He’s always set the bar high for you, because he knows what you are capable of becoming, so most of his talks were filled with passion, cold hard truths that hit with a kind of latent potency, like a slow burn.
You now look back at what Rylie said to you that shattered the lie you were living in. You were treating sex and love as functional weapons rather than a foundation of truth— something unconditional and ever present, even while you were still being and becoming justified in the walk of true love. You were a baby Christian trying to dance with the shadow of your own subconscious at a time when were just learning how to walk.
As you pass the middle age beggar training the young girl beggars how to operate the streets, you pray under your breath, “Father, please bind the Jezebel stronghold over the mother and the young girls.” You think of how Jesus intervened on your behalf because you were finally willing. And you were only willing because your mother had the kind of water bull strength in unconditional compassion for you…when nobody else showed up, she did. And so killing yourself to get rid of the shadow no longer became an option—Jesus Christ and the kind of walk in patience and kindness that can only be learned over time— slow, and steady, and many failings after failings, you begin to become aware.
In your heart of hearts you know you did the right thing for both Aaron and the little girl. They are still young enough to be scolded and internalize the lessons before they are condemned to turn their bad habits and an irreversible dis-ease.
Give a man a fish, you feed him for one day.
Teach a man how to fish, you feed him for a lifetime.
You once had written that on the entrance doorway where all your students could see it when they first entered your classroom.
You hear your sponsor’s words of wisdom…she who re-married in retirement in her sixties and ages so gracefully…still attractive in her calmness, her joyful gratefulness, and her grounding in her children and grandchildren…her family.
She tells you, “Angelie, there are some things that are not yours to carry. You must learn how to distinguish the things that are not yours.”
You think of Matthew 7:6.
It’s about the pearl and the pig.
You stop by a bazaar that you visited the day before.
It was the blue glass eye that reminded you of the color of your intertwined soul with Rylie—a future hope, a Hail Mary, a divine feminine eye.
You know this color is the next level in your chakra walk. Blue represents your voice being expressed..like water, you can’t hold it back cause eventually the pressure will, like river, find its way to wherever it is going.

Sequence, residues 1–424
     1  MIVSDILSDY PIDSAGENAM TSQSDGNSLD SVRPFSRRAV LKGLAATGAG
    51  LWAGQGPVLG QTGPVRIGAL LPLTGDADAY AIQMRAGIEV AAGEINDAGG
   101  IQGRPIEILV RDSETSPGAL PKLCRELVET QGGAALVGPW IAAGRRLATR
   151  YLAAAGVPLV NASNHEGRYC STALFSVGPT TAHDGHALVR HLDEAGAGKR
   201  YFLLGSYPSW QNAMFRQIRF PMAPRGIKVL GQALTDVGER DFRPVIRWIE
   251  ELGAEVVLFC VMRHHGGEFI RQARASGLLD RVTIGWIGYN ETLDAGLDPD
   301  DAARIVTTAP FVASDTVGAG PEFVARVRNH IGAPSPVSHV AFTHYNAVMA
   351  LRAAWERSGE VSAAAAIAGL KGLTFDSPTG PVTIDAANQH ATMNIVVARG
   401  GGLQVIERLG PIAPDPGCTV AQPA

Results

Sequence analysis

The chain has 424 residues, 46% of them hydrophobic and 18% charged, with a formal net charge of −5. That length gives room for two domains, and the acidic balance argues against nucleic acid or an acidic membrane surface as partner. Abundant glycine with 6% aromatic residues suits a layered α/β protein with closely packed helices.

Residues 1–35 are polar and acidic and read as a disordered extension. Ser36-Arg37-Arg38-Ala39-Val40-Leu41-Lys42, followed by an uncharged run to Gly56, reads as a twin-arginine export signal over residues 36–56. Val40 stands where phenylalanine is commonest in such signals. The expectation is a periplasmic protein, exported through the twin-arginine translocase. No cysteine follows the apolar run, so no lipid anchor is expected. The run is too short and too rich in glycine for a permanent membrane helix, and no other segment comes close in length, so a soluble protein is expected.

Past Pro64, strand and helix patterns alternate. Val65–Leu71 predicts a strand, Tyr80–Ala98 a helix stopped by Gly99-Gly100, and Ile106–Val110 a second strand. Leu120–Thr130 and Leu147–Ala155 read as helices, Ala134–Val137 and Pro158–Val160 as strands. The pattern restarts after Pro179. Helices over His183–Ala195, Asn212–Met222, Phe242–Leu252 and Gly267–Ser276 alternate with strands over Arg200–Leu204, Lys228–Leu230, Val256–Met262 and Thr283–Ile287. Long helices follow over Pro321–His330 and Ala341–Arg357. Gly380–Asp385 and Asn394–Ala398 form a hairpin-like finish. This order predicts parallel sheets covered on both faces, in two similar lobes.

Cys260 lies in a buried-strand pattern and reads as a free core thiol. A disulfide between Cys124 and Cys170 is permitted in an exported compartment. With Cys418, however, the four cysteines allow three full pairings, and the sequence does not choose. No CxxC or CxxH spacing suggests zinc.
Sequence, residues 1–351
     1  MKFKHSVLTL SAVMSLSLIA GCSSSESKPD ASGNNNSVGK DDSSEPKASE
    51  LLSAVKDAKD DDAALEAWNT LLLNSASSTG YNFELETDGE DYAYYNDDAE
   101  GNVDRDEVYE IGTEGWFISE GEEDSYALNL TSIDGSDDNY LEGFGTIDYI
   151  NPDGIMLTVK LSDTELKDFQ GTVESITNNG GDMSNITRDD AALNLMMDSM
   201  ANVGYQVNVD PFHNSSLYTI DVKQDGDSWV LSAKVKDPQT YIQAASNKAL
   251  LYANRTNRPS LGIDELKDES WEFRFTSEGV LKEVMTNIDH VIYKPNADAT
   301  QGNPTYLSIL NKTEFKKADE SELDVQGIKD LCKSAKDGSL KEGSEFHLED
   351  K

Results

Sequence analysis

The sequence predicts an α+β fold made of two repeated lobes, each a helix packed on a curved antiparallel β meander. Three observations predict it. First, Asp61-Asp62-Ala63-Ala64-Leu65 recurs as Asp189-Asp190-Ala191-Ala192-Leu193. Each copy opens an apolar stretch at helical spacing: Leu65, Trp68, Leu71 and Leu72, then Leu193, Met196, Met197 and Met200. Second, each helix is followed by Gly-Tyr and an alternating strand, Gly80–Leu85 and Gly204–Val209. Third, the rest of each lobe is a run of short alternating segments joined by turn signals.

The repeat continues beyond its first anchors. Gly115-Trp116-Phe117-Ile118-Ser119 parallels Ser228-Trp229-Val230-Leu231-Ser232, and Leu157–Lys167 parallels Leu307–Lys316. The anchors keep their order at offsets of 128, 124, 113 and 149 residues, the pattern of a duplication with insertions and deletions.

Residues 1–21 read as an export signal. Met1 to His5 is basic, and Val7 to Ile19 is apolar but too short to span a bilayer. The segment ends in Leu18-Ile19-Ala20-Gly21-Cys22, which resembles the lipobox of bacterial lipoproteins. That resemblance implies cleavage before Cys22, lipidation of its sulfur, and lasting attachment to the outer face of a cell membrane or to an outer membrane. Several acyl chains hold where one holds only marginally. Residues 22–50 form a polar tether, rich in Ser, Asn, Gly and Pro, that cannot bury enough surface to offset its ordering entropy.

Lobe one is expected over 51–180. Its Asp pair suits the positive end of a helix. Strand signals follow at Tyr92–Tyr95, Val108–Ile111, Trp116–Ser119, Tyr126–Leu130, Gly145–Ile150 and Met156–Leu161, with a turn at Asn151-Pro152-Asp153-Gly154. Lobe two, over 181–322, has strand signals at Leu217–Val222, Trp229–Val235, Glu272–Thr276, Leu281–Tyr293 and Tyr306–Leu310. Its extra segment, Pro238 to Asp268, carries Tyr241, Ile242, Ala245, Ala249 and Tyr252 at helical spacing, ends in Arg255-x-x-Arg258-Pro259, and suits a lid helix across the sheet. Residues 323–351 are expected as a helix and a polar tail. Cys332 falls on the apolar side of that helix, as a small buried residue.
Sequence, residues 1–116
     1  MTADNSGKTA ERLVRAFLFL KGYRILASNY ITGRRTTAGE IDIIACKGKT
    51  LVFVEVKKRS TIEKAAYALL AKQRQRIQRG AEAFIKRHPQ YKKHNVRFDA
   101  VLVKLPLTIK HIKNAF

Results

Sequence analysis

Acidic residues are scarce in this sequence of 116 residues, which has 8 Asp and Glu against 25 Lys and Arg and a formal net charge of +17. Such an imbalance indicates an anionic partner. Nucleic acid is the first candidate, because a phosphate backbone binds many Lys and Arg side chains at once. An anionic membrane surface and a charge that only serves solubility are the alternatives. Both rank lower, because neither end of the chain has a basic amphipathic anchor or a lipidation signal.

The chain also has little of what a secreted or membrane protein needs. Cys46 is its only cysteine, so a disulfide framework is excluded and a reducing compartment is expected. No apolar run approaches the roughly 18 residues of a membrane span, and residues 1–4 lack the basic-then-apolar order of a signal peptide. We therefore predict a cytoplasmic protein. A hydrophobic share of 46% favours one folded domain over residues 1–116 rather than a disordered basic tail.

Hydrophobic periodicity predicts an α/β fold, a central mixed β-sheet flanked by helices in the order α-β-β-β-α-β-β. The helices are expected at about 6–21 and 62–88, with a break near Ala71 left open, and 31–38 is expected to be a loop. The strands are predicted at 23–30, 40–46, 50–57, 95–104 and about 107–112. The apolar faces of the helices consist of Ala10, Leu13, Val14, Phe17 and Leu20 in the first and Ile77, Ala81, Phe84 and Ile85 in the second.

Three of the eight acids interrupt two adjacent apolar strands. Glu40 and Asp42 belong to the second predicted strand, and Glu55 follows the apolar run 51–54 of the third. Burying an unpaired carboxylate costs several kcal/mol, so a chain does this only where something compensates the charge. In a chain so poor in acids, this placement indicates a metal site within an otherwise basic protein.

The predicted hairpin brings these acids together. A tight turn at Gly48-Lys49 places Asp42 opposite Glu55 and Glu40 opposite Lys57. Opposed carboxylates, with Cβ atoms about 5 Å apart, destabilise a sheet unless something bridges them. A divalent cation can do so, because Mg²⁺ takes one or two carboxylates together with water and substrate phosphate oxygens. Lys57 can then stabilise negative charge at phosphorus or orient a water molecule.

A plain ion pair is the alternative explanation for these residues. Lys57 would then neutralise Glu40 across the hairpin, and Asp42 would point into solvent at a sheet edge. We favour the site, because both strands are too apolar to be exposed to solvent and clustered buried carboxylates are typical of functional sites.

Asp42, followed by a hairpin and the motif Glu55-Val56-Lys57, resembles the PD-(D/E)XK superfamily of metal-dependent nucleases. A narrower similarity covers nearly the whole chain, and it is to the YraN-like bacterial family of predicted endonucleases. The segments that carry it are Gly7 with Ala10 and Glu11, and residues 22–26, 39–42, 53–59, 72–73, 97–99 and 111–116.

You had eyed it the day before, and now you are ready to execute.
You bought two bracelets for 20 Euros and wonder if it is a spiritual crime to have denied the little girl money and within the hour of buying two pieces of copper artwork from the artisan.
Now that you’re no longer a socialist, you think 🤔…definitely not a crime. In fact, God wants each of us to become artisans so it is better to reward the artisan for his craft than it is to reward the little girl for doing the very thing that is keeping her in the bondage of slavery.
The old beggar Lady gets your biggest donation because her spirit is hard to change, like a hardened sculpture…the mother with the baby who sits and asks for money gets five marks because she needs less change than the old beggar. And for the little girl who begs, you give her no money, because she is the most capable of changing.
She doesn’t need physical money from you.
She needs a change of mindset.
And that is why you laughed at Aaron’s pain…because you know it’s the good kind of pain…the transformative type of pain that Jesus Christ allowed you to experience so you may sharpen the sword in the fire—the kind of fire that burns away all that bears no fruit.
As the rain kept pouring today, you realize that the angels are all crying in Hallelujah when you saw the reply back in all caps from Aaron:
DO NOT EVER CONTACT ME AGAIN
You smile in sadness and gratitude when you saw the email reply.
It means you passed this test. You look up beyond your MacBook Air and you see people’s shoes walking to the right, more and more shuffling and scuffling through the rain, and you know right in that moment that heaven is singing in joy and crying in happiness.
You know that beyond this time, space, and distance, when all three points merge, you will remember how in this point of reference, in this particular crossroad, you took a right turn, one degree closer to your center.
The orange sash.
The Adriatic Blues.
The color of the teal blue glass eye.
The spiritual eye.
You know that in the future glory of things, Aaron will thank you when his son is born from the woman who would take a bullet for his heart.
Thank you Jesus.
Not right now just means not yet.
Bold and blue, between Black and White Jam.